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As far as I know, git stores revisions by saving changed lines. Running text documents like documentations or wordy LaTeX files, normally have very long lines or are forcefully broken after 80 characters. When one word is changed, it leads to a huge difference in changed lines which bloats up the git repository.

Is it possible to make git work by words instead of lines? I know that there is git diff --color-words which outputs changed words in a more pretty format. But this does not affect how these changes are internally stored.

I also know the practice to reformat the documents to make them more fit for versioning, by beginning a new line after each sentence. But this would severly clutter the format of most documents while still only shrinking the problem to a sentence length.

In other words, can I configure git to regard the space character instead of the newline character when it creates a revision?

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One suggestion: TeX makes no difference if you insert a newline instead of a space. So it will be convinient to have short lines in .tex documents, not only in relation with git, but also while seeking errors by line number, and probably many other cases. –  Necto Jan 31 '13 at 12:20
    
Pardon, didn't read the question attentively. –  Necto Jan 31 '13 at 12:21

2 Answers 2

Git doesn't store diffs. SVN does. Git generally stores the full blob. It also does packing to save space (when running git gc or pusing to a remote), but again, that is not line-based as it uses a binary delta format. The only thing that is annoying is as you noticed the diff-ouptut. But that has nothing to do with the way that Git stores the data. You might want to read Is the git binary diff algorithm (delta storage) standardized?, the pack-file specs and section 9.2 and 9.4 of ProGit.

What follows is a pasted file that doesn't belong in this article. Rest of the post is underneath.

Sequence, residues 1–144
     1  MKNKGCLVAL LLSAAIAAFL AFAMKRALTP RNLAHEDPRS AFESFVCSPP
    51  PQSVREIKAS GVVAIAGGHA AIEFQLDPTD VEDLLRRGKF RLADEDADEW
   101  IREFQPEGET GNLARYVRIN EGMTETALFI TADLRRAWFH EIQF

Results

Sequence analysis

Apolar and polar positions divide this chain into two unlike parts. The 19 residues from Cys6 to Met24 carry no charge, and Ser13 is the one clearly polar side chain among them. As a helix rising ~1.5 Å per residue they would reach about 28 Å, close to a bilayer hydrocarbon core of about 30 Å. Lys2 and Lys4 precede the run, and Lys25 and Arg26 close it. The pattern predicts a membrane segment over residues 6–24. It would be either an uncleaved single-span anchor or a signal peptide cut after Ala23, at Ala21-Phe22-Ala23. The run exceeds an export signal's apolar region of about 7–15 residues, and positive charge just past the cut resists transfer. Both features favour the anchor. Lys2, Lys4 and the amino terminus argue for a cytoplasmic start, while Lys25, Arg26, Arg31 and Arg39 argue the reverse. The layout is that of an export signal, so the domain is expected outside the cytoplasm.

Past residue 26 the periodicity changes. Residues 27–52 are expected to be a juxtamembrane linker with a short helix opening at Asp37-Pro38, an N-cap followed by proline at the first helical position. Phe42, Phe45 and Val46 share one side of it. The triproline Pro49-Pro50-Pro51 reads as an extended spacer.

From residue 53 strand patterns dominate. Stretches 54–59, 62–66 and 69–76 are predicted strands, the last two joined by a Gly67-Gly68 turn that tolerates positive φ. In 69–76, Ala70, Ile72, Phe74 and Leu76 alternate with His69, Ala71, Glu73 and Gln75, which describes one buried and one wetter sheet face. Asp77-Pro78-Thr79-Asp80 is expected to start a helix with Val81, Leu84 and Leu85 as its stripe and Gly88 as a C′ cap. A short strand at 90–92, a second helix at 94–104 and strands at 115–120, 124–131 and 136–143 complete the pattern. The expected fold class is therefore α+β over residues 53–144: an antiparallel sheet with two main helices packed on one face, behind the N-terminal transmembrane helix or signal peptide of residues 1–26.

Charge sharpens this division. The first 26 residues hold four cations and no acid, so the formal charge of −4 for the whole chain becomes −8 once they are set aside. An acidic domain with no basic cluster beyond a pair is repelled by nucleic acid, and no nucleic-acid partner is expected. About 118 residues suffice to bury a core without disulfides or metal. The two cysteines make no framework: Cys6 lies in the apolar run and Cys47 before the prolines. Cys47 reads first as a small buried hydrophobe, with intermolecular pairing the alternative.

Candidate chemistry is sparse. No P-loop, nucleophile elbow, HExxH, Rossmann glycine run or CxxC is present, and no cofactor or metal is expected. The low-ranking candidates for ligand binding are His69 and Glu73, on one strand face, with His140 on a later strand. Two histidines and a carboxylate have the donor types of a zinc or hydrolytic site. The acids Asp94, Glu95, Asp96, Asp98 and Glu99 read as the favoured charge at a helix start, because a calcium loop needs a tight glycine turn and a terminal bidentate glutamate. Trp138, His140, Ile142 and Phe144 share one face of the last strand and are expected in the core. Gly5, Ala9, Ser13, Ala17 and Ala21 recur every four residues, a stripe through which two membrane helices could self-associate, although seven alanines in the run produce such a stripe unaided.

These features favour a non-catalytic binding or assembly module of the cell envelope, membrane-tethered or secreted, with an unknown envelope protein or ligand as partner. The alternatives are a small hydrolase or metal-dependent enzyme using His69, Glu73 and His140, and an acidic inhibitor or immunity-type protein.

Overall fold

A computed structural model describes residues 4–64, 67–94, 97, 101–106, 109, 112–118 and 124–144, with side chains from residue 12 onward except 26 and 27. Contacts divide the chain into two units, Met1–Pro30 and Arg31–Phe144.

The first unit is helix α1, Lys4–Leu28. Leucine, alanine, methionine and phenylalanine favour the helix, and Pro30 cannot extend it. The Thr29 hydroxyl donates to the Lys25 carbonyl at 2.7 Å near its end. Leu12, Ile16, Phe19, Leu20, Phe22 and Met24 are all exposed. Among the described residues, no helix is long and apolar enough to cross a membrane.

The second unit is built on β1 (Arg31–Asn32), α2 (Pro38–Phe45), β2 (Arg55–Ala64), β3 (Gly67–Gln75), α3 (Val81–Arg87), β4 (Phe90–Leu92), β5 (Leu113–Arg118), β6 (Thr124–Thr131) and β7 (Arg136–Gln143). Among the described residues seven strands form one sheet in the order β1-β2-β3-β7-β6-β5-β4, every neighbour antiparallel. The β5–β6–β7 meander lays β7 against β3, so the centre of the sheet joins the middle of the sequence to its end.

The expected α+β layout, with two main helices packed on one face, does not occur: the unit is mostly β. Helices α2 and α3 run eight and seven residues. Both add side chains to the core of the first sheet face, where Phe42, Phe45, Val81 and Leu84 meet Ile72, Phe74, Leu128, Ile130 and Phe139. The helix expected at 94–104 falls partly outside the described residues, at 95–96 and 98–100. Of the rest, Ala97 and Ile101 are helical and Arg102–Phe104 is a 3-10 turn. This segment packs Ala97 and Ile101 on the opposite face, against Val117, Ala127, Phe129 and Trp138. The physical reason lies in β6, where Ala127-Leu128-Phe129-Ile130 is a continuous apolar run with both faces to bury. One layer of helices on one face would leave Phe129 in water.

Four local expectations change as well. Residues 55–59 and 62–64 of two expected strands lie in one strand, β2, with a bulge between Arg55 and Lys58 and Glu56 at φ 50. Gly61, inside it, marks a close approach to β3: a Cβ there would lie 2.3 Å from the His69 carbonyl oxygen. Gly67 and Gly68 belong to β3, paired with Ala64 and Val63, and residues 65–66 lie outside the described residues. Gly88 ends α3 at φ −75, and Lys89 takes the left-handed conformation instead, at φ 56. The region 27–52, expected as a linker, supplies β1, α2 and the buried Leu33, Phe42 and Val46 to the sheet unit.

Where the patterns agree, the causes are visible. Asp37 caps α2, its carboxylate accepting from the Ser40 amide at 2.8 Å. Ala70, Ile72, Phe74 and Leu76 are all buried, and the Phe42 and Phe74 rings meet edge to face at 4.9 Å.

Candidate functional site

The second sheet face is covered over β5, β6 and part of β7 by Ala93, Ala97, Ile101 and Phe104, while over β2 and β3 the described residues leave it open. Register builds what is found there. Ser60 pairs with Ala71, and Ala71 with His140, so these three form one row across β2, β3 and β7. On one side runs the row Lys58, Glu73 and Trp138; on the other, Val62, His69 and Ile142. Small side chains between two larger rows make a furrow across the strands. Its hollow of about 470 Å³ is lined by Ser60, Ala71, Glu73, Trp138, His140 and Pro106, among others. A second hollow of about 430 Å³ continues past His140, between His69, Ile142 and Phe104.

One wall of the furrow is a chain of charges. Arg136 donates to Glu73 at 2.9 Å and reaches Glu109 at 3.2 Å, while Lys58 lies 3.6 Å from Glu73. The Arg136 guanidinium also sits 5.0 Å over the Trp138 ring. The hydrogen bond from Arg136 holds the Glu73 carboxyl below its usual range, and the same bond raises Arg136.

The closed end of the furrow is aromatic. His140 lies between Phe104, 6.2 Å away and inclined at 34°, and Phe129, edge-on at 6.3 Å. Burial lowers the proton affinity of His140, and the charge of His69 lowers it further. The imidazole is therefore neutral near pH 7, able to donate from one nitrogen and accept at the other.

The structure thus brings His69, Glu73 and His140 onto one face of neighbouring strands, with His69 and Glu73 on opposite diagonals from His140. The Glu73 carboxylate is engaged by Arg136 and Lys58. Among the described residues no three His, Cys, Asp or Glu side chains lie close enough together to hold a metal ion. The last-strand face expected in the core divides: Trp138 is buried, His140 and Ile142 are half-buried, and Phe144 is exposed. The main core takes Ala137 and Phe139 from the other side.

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+1, didn't know exactly how git stored stuff. Thanks –  CharlesB Jan 31 '13 at 12:56

There's no better solution to this problem than to split your paragraphs into several lines.

I know that there is git diff --color-words which outputs changed words in a more pretty format. But this does not affect how these changes are internally stored.

This answer has good advice on dealing with LaTeX in git, along with this one for using latexdiff with git.

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Notice that if you use the (great) latexdiff utility, that you should be careful when formatting your code. It is particularly important to have no line breaks between command arguments. E.g. when I started off, I had a lot of \frac{...}\n{...} which completely broke latexdiff. Instead, make it \frac{...}{\n...} (notice the location of the newline). –  Michael Wild Jan 31 '13 at 13:05

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